SSL All the Things

Browsers are starting to highlight sites without SSL as insecure in a bid to push everyone to using SSL. This is a great move and the sooner we can get to near 100% sites running on SSL the better. Google are also apparently going to be ranking sites running over SSL higher than their non-encrypted counterparts. In the past switching to SSL has been a bit of a pain from expensive certificates to CA’s that don’t do the correct checks and hosts that don’t allow SSL on their free/lower priced options.

Why CloudFlare

CloudFlare is a lot of things, they insert themselves into the DNS path to your site, effectively becoming a man in the middle. This allows them to offer a host of services from CDN, DDoS protection, SSL, Page Rules, HTML Rewrites. They have a number of Enterprise level features but everything I discuss here can be done on their free plan.

CloudFlare is a bit different. They create and insert the certificate into the connection without you having to make any changes to your webserver or even any of your code if you don’t want to. They allow rewrite rules to force all resources in your pages to https.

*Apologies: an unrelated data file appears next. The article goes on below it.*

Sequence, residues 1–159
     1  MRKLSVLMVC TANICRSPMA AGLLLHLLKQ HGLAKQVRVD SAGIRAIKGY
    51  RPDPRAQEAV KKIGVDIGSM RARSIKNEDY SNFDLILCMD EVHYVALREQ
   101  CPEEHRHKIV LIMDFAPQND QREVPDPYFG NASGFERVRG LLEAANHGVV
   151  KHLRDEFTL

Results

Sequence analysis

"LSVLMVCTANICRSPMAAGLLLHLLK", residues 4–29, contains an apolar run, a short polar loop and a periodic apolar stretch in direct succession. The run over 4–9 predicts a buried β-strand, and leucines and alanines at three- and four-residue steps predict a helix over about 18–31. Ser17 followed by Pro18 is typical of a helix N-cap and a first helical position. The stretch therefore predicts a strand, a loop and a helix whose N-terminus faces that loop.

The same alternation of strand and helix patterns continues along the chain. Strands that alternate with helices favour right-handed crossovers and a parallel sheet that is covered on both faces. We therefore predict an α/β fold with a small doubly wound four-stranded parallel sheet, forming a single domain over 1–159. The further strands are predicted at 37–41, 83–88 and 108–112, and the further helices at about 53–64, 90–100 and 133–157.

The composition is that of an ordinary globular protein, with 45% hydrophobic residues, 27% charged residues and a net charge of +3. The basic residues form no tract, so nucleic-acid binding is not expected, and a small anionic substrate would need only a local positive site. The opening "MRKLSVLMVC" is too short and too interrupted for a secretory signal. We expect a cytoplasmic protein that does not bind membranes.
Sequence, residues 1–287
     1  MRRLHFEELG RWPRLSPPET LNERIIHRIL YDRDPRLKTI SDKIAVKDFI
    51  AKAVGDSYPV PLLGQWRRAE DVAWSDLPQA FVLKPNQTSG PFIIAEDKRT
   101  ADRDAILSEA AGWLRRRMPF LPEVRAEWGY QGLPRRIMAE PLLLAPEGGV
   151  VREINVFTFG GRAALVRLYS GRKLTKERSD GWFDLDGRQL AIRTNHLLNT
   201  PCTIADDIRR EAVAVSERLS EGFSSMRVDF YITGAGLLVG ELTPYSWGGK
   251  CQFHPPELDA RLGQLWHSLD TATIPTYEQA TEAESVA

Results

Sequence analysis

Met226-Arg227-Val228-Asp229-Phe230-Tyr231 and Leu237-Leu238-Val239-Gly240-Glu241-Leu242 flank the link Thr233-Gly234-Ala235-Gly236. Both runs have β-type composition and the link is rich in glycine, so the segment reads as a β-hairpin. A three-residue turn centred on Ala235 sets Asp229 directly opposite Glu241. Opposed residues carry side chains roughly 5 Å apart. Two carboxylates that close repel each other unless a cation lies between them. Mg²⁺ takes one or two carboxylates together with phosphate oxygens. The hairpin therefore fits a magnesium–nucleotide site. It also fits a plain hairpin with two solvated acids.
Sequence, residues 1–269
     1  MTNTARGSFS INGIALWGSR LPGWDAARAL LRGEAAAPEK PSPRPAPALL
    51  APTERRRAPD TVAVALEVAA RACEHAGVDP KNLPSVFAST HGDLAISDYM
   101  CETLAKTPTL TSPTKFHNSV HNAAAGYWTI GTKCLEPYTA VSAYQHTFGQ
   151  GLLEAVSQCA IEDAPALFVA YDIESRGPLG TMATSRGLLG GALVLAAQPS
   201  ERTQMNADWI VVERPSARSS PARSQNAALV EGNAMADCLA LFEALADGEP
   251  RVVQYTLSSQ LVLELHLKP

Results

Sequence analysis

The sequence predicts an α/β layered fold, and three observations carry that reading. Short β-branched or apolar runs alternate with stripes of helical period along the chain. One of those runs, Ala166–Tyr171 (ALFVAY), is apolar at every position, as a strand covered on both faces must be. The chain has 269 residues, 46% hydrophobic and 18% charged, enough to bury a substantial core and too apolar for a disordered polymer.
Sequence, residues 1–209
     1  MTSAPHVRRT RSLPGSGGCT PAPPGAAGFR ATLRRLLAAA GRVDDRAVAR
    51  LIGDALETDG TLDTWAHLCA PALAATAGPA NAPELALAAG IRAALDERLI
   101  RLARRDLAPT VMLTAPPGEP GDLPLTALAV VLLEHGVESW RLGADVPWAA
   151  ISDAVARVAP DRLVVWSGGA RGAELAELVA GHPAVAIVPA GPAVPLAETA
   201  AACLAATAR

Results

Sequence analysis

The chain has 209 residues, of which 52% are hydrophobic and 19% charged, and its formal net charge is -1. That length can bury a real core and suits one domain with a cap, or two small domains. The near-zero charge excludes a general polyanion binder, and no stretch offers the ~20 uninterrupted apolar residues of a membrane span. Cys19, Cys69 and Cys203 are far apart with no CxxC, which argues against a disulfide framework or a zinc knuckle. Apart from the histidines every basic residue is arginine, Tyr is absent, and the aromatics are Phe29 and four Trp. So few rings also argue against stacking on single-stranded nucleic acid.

As Easy As…

So you’ve got an existing site on a host and you’ve got a domain name registered, the only changes you need to make to switch to SSL is to point your Domain DNS server to your CloudFlare account which you then configure to point back to your host.

Sign up for a CloudFlare account and follow the below steps…

  1. Enter your domain name… CloudFlareScreenshot

  2. All being well all your DNS records will be picked up and imported into CloudFlare. If for some reason they’re not then you can manually add them later CloudFlareScreenshot

  3. A business plan is selected by default, change that to the free plan. CloudFlareScreenshot

  4. The next screen gives you the details or where you need to point your domains namesevers. CloudFlareScreenshot

  5. In my case my domain is on Fasthosts so the change on the FastHosts control panel looks like this. It should be pretty similar no matter who the domain is with. CloudFlareScreenshot

  6. The overview page on CloudFlare will change to active once the nameserver change has reached cloudflare. CloudFlareScreenshot

  7. SSL took a few hours to enable for me but you can check this on the Crypto tab in CloudFlare. CloudFlareScreenshot

  8. At the bottom of the screen if you want HTTP resources rewritten to HTTPS without having to change the site then switch this setting on… CloudFlareScreenshot

  9. Lastly you can optionally create a page rule to divert al HTTP traffic to HTTPS CloudFlareScreenshot

And… We’re done.

All of the above can be done without CloudFlare by require numerous configurations on the WebServer and possibly a lot of changes to your website to switch over any content referenced on HTTP. Using CloudFlare this can all be done in 5 minutes for free, I was really impressed how easy this made it to move all my content to HTTPS, not to mention all the other features CloudFlare offer that I’ve yet to explore